- February: Interview of applicants
- March to April: Results of the interview sent to applicants
- May to July: Confirmation of placements, health check and placement details
- Jun to July: Predeparture orientation
- July to August: Departure and arrival orientation
What are the criteria for JET Program?
The JET program is looking for dynamic and outgoing individuals to fill the roles of Assistant Language Teachers (ALTs) and Coordinators for International Relations (CIRs). While the specific criteria for each role may vary slightly, there are some general qualities that the program is looking for in all candidates.
- Be interested in Japan and willing to learn the language.
- You must be a citizen of a JET Programme participating country.
- You also need to be physically and mentally healthy and be able to adapt to living in Japan.
- You have not participated in the JET Program before or declined a position after being notified of your assignment.
- Obey Japanese law.
- Complete your probation if you have a suspended jail term.
Before you get too excited, don’t forget about these things…
When deciding whether to participate in the JET Program, there are several important factors to consider.
One of the most important is housing. The JET Program does not provide housing, which means that you will be responsible for finding and paying for your own accommodation. This can be a challenge, particularly in larger cities where rents are high.
Another important cost to consider is pension and health insurance. It’s about 14% of your salary so it is important to budget for them carefully.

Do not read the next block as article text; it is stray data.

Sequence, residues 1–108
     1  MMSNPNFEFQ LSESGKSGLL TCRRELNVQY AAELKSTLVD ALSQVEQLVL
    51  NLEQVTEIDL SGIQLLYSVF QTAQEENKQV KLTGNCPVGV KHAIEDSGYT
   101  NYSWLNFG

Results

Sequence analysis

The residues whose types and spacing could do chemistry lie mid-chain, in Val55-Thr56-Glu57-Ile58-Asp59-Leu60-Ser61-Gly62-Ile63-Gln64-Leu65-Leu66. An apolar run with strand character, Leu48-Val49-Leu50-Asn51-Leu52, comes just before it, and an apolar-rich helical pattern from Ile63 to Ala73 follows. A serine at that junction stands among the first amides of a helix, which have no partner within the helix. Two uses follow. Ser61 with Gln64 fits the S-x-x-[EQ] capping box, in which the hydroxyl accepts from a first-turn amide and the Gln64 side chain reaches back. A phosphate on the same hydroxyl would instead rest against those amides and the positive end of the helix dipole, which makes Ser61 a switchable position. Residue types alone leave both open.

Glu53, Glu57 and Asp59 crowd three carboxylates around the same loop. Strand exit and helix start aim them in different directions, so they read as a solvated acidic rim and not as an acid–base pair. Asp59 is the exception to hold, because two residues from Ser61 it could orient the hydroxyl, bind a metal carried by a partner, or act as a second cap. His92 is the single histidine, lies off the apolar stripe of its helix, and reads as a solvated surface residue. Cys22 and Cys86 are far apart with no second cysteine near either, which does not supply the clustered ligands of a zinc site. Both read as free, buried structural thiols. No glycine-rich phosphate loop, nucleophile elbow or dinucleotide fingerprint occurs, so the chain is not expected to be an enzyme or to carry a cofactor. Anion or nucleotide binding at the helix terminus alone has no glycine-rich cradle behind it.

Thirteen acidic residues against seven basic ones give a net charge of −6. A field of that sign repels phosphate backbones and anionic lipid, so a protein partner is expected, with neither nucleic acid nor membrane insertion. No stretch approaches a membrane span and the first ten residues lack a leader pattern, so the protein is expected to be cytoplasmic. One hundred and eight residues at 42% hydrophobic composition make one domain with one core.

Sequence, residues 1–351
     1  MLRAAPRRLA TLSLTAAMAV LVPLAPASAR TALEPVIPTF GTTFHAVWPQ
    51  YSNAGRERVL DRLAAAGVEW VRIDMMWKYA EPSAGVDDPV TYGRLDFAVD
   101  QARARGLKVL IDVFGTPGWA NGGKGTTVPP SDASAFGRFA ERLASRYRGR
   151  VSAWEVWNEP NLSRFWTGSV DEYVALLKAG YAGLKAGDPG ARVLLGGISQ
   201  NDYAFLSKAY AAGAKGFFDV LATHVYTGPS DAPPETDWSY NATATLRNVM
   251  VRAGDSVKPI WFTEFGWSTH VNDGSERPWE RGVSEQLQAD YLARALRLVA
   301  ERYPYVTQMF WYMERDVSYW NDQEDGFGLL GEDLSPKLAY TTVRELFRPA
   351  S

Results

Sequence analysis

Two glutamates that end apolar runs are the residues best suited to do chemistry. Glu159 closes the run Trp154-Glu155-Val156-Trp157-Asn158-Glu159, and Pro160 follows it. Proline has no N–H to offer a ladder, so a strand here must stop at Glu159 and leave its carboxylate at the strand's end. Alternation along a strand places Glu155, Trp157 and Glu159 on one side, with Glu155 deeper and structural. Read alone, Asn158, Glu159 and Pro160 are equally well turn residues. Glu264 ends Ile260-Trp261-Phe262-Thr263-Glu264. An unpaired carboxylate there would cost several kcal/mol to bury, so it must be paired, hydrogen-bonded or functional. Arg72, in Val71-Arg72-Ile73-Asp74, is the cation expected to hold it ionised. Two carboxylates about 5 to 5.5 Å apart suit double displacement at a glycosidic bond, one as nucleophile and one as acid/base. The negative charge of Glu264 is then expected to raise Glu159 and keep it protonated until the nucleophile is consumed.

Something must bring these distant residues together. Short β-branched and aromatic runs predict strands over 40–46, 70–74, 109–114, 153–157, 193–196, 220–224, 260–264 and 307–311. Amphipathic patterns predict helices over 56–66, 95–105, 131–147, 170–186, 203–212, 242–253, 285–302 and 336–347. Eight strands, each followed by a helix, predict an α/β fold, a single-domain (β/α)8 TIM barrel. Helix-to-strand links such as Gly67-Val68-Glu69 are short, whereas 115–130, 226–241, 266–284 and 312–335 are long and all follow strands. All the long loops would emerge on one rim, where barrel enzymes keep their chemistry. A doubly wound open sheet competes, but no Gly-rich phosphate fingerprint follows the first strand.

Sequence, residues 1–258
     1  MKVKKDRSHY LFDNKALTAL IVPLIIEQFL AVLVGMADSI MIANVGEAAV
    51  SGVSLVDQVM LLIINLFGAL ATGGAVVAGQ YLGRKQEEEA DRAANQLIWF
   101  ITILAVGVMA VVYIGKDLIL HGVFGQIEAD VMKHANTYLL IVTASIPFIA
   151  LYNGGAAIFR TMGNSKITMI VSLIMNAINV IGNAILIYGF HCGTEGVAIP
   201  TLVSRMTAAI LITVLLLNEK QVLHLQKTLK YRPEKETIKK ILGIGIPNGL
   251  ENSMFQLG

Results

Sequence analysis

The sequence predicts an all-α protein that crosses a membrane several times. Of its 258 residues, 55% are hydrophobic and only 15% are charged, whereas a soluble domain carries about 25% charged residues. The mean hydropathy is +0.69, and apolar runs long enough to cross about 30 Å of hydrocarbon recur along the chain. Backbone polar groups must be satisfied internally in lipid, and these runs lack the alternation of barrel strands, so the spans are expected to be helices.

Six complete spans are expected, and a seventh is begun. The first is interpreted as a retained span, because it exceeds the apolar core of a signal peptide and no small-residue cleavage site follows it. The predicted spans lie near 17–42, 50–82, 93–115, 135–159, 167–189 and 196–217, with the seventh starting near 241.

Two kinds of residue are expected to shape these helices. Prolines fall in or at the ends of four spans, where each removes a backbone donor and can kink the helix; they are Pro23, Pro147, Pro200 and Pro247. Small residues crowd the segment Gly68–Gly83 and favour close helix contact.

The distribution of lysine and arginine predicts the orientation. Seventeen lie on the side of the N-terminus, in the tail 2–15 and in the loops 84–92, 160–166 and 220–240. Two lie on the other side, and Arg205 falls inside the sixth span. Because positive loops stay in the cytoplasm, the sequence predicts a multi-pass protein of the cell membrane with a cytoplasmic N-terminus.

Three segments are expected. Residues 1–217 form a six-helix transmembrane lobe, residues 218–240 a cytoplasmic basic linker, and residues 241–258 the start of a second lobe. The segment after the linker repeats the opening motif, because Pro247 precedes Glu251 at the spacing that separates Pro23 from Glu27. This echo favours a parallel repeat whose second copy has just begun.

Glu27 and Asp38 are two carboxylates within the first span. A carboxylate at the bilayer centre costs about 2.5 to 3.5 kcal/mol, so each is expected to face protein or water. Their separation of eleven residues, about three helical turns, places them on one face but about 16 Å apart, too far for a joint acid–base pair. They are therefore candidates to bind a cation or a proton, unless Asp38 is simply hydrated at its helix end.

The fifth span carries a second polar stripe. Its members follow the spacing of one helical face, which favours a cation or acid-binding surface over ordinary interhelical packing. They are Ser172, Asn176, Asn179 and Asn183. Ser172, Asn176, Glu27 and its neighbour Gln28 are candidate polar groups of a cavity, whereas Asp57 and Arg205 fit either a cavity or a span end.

Finally, you should also be aware that you will need to put away an extra ¥5000-¥10,000 per month to pay for residence tax the following year.
Is JET program worth it?
That depends on who you ask.
For those considering the JET program, it’s worth taking a quick look at the Jet Program on reddit.
The program’s Reddit community is a veritable hotbed of debate on the topic, with many users offering detailed accounts of their own experiences – both positive and negative.
But there seems to be a common theme in the group: culture shock.
Dealing with a different culture can be tough, even if you’re just visiting as a tourist. When you live in a place, you must get used to the little things that make it unique. This can be anything from the food to the way people interact with each other. It can be tough to adjust, but it’s doable.
Another common issue among JET participants is the lack of autonomy in lesson planning. The curriculum is set by the Japanese government, and it’s not always easy to deviate from it. This can be frustrating for those who prefer to have more control over their teaching methods.
However, it’s important to remember that this is a cultural exchange program first and foremost.
So, is the JET program worth it? That’s for you to decide. But if you’re looking for an immersive experience in Japan, then it might just be perfect for you. Just remember to brace yourself for culture shock and be prepared to go with the flow. Oh, and learn as much Japanese as possible. Trust us, it’ll make everything better.
Making the big move to Japan?
Before you get too comfortable in your new home, there’s one important thing you need to take care of: arranging your finances.
After all, you will be receiving and sending money to your home country. The good news is that there are several ways to send money to Japan, including online money transfer services like Instarem.
To avoid losing out on overseas money transfers, it is always a wise move to select a money transfer service provider that allows you to send money at a reasonable cost and no hidden charges.
Plus, you can sign up for Instarem’s rate watch and send money when the tide is in your favour.
Try Instarem for your next transfer.